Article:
It might not have a particularly catchy name, but the SLS-based hypercar offers a unique proposition

Announcements of electrified hypercars with four-figure power outputs are becoming rather tedious these days, but Austro Daimler has taken somewhat of a different approach to the brief, dropping a Mercedes-AMG six-cylinder into an SLS chassis for a 893kW, gull wing hybrid model.

Though you might not have heard of the brand, Austro Daimler has been around for quite some time, coming to fruition in 1899 and producing the world’s fastest car 11 years later in 1910 with the 85mph Prinz Heinrich. The ADR 630 pays homage to the Bergmeister of 1931, a model renowned for its success in mountain races and the last vehicle the company produced until today.

Making its UK debut at Salon Privé in September, the model doesn’t hide its SLS origins, with the signature long bonnet, short rear overhang and gull wing doors all making an appearance. Impressively, even with the addition of a hefty hybrid powertrain, the model has gained just 31kg in weight over a standard SLS coupe, largely thanks to a lightweight aluminium space frame.

Under the skin of the ADR 630 sits a plug-in hybrid powertrain, consisting of three electric motors and the 3-litre Mercedes-Benz M256 six-cylinder engine used in Affalterbach’s 53 AMG range. Each of the three electric motors produces 202kW, meaning a total of 606kW comes from the motors alone – the engine produces 287kW. That makes for a total output of 893 and 1600Nm, good for a 2.5sec 0-100kmh time and a top speed of over 320kmh.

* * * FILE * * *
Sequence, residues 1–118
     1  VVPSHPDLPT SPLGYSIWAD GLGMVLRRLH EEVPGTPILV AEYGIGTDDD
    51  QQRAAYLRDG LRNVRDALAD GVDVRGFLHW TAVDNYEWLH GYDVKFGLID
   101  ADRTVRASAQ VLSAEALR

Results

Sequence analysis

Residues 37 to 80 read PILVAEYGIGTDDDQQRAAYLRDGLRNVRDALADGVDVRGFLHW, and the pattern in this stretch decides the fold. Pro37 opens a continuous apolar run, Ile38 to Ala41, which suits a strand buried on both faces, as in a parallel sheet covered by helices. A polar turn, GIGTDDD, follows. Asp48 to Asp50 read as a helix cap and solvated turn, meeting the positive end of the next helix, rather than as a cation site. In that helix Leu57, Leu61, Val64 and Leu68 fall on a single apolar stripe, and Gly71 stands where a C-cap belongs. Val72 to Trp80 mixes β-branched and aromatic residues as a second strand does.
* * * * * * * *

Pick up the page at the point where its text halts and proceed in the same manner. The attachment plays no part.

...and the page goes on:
What makes the model unique is its ability to travel 150 miles on pure electric power and over 600 with the use of the combustion engine. Though pure electric cars are becoming commonplace, range for many production models is still yet to exceed that of combustion alternatives, making the prospect less appealing to some. Thanks to the electric motor-biased hybrid system in the ADR 630, however, both better range than most combustion cars and the performance benefits associated with electric motors are achieved.

The 55kW Li-ion battery behind it all sits in the boot, meaning there’s not much in the way of storage for long trips. What you lose in practicality, though, you gain in luxury, as inside you’ll find open-pore wood, milled-aluminium details and a new digital dash, bringing it up to speed with the models of today.

Pricing is yet to be revealed, but if you’d like to see it in the flesh, head to Salon Privé at the start of September.